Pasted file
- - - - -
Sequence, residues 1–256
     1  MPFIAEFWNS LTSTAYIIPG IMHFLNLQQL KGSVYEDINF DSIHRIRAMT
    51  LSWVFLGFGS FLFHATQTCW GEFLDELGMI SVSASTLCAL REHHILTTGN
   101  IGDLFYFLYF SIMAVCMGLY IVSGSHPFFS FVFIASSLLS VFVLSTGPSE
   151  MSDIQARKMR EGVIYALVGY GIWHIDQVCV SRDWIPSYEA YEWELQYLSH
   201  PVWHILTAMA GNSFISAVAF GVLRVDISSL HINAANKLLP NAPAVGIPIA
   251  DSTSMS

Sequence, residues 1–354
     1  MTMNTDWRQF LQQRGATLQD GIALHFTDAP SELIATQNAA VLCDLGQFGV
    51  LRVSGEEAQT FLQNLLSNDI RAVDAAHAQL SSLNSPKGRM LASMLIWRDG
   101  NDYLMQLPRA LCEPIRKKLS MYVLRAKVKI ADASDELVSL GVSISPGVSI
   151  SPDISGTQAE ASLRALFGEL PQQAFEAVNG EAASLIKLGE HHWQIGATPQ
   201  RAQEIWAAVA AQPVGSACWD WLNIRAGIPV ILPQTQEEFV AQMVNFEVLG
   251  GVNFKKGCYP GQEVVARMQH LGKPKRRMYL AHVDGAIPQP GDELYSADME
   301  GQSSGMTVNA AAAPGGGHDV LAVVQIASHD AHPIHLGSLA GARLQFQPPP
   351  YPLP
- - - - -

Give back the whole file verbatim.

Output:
Sequence, residues 1–256
     1  MPFIAEFWNS LTSTAYIIPG IMHFLNLQQL KGSVYEDINF DSIHRIRAMT
    51  LSWVFLGFGS FLFHATQTCW GEFLDELGMI SVSASTLCAL REHHILTTGN
   101  IGDLFYFLYF SIMAVCMGLY IVSGSHPFFS FVFIASSLLS VFVLSTGPSE
   151  MSDIQARKMR EGVIYALVGY GIWHIDQVCV SRDWIPSYEA YEWELQYLSH
   201  PVWHILTAMA GNSFISAVAF GVLRVDISSL HINAANKLLP NAPAVGIPIA
   251  DSTSMS

Sequence, residues 1–354
     1  MTMNTDWRQF LQQRGATLQD GIALHFTDAP SELIATQNAA VLCDLGQFGV
    51  LRVSGEEAQT FLQNLLSNDI RAVDAAHAQL SSLNSPKGRM LASMLIWRDG
   101  NDYLMQLPRA LCEPIRKKLS MYVLRAKVKI ADASDELVSL GVSISPGVSI
   151  SPDISGTQAE ASLRALFGEL PQQAFEAVNG EAASLIKLGE HHWQIGATPQ
   201  RAQEIWAAVA AQPVGSACWD WLNIRAGIPV ILPQTQEEFV AQMVNFEVLG
   251  GVNFKKGCYP GQEVVARMQH LGKPKRRMYL AHVDGAIPQP GDELYSADME
   301  GQSSGMTVNA AAAPGGGHDV LAVVQIASHD AHPIHLGSLA GARLQFQPPP
   351  YPLP